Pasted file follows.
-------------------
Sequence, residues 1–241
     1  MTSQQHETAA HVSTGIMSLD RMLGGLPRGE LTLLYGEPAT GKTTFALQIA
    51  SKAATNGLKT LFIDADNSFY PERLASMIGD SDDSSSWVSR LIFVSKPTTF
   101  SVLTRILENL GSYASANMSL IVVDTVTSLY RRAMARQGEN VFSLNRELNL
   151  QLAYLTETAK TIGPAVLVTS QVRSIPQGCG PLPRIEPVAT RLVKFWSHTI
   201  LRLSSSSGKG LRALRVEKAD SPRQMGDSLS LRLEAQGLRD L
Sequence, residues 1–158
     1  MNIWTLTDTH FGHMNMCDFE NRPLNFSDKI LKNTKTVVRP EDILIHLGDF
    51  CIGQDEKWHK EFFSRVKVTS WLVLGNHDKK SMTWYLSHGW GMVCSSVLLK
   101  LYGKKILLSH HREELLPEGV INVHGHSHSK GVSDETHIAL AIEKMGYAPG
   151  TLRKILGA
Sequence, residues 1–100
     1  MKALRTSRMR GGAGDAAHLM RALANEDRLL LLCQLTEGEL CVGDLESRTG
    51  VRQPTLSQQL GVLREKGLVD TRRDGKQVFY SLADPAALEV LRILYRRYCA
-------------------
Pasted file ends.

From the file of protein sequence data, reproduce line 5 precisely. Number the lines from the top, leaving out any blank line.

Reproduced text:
   151  QLAYLTETAK TIGPAVLVTS QVRSIPQGCG PLPRIEPVAT RLVKFWSHTI